I've been in touch with their support team, and they pointed me to this thread. I also found another thread with customers asking much the same thing. I've replied and hope to hear better news. I'm not keen to recommend we buy a product I can't evaluate, especially when it's not supported for our IDE.

  • Update: I have ended up buying this library. In spite of problems evaluating (it works in D2007, and I had a copy of that) it seems the easiest to use of all the libraries, and also the most powerful - it's easy to write a theme for it, for example. I'd definitely recommend it if you need to select a docking library too.

  • Update July 2011: This library is no longer being sold, but may be open-sourced soon.

What have I missed?

That's everything I've found so far. What now?

  • Have I missed any good docking libraries for Delphi / C++ Builder / RAD Studio 2010?
  • Have I missed any features in the libraries I've lookd at so far? An answer like "You missed FooBar" or "JVCL does indeed have a docking widget, and you can use it like so..." would be pretty awesome to hear.
  • What would you recommend as my next step?

Thanks for your input :)

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13  
+1; good research! –  Jeroen Wiert Pluimers Aug 3 '10 at 8:18
3  
+1. Good research indeed. You've missed the TMS Components. I can't comment on ease of use or performance but they tend to have "good looking" components. The docking components can be found at tmssoftware.com/site/advtoolbar.asp –  Lieven Keersmaekers Aug 3 '10 at 9:29
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I was just about to defend the DevExpress library until I tried the demo for myself. Compared to their XtraBars control set for .net it definitely looks "older". But the docking indicator thingy has been requested and accepted to be done - but no release date as yet. And it does look slightly better if you use their skinning support. FWIW we have the DevExpress VCL subscription and it really is very good - but it does lag behind its .net cousin significantly in some areas. –  shunty Aug 3 '10 at 9:30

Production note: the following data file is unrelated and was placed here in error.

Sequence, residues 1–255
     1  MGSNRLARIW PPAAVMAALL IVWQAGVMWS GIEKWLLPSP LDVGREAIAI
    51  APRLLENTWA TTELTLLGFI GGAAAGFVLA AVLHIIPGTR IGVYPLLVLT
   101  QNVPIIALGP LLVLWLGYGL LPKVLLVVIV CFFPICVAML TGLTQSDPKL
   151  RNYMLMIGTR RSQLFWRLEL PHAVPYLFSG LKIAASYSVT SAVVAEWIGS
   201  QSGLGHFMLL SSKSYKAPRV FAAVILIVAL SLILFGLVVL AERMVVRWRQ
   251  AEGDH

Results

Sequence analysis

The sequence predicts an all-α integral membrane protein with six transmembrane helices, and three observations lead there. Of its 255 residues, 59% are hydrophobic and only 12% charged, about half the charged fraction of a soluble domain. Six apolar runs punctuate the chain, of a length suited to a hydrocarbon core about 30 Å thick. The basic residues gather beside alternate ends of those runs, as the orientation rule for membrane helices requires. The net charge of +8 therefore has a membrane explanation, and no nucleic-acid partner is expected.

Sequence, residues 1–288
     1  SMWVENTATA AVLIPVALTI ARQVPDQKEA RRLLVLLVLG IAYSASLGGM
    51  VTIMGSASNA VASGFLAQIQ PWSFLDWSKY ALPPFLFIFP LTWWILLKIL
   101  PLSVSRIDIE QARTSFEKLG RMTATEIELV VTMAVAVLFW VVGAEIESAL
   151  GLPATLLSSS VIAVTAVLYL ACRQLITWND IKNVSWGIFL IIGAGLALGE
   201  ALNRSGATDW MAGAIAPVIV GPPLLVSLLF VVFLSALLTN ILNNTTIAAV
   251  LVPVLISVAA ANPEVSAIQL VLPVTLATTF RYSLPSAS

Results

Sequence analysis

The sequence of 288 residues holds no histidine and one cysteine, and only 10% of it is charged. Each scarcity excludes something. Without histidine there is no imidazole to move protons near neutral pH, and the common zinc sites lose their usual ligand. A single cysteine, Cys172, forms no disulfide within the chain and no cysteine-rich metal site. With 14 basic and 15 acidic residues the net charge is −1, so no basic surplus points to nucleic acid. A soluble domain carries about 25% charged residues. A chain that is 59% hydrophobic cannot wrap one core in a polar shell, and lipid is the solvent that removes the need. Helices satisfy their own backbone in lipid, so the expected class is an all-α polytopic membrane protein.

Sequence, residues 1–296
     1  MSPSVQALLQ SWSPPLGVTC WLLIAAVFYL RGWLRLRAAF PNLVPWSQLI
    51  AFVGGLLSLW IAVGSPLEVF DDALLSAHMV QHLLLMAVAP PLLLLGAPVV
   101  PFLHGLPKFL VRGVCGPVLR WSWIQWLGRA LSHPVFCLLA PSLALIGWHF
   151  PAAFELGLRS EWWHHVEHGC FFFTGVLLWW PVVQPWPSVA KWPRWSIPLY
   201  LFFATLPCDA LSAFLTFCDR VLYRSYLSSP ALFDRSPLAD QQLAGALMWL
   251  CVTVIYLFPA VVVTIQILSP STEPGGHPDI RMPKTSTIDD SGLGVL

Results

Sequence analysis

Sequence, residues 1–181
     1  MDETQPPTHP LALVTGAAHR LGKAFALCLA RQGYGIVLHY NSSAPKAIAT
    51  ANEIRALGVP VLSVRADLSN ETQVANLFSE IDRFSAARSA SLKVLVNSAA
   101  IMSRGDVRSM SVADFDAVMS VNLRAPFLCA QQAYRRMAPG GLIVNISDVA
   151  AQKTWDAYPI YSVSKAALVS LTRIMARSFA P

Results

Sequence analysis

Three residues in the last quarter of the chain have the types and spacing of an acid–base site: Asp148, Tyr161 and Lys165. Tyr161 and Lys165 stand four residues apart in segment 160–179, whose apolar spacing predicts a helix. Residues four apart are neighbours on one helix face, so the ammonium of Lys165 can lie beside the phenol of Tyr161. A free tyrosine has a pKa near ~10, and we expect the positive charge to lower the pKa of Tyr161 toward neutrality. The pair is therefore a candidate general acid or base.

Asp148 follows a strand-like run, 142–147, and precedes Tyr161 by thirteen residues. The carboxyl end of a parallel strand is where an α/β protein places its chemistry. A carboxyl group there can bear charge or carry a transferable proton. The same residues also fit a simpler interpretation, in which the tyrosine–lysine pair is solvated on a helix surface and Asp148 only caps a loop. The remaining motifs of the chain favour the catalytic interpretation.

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Hi Lieven - do the TMS controls support form docking? I downloaded the demo and it seems to be only toolbars and menus. –  David M Aug 4 '10 at 0:36
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Update to your july 2011 update: In april 2013 (!) Smartbear said "We now have an internal agreement to release the source for community usage." smartbear.com/forums/f57/t46093/tp2/adl-end-of-life#79234 –  Barry Staes May 13 '13 at 12:11
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3 Answers

up vote 2 down vote accepted

I have used JCL, I have LMD, DevExpress and Automated QA Docking Library.

The closest you will find that will meet your need is the AutomatedQA Docking Library. I use it in my work for one of my projects.

Your next step, buy the AutomatedQA Library :)

from a Happy Customer.

share|improve this answer
    
Thanks buttercup. I will probably end up doing this - it just would have been nicer to try the components first :) A recommendation is good though. –  David M Aug 4 '10 at 0:35
1  
I've ended up buying AutomatedQA's docking library, much as you suggested. –  David M Aug 9 '10 at 23:42
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I am a jedi JVCL developer, and I have used JvDocking in my own commercial in-house projects, and found it to be solid and reliable.

Also, it's free. It's easy to extend. It creates a look and feel about the same as visual studio 2008 era docking.

share|improve this answer
    
How do you achieve things like a docking widget, etc? Do you have to code them yourself or are they built in? At the time of asking this question, JvDocking looked pretty basic (and buggy) - that was a couple of years ago now though. –  David M Oct 27 '11 at 22:50
    
A widget like the Visual Studio one would probably be done using a borderless alpha blended painting over the docking area. I think that I could add it to JvDocking, but it's a fair amount of custom painting code. ANybody not familiar with GDI painting and handling raw mouse move messages, would have a bit of fun doing that. –  Warren P Oct 28 '11 at 2:20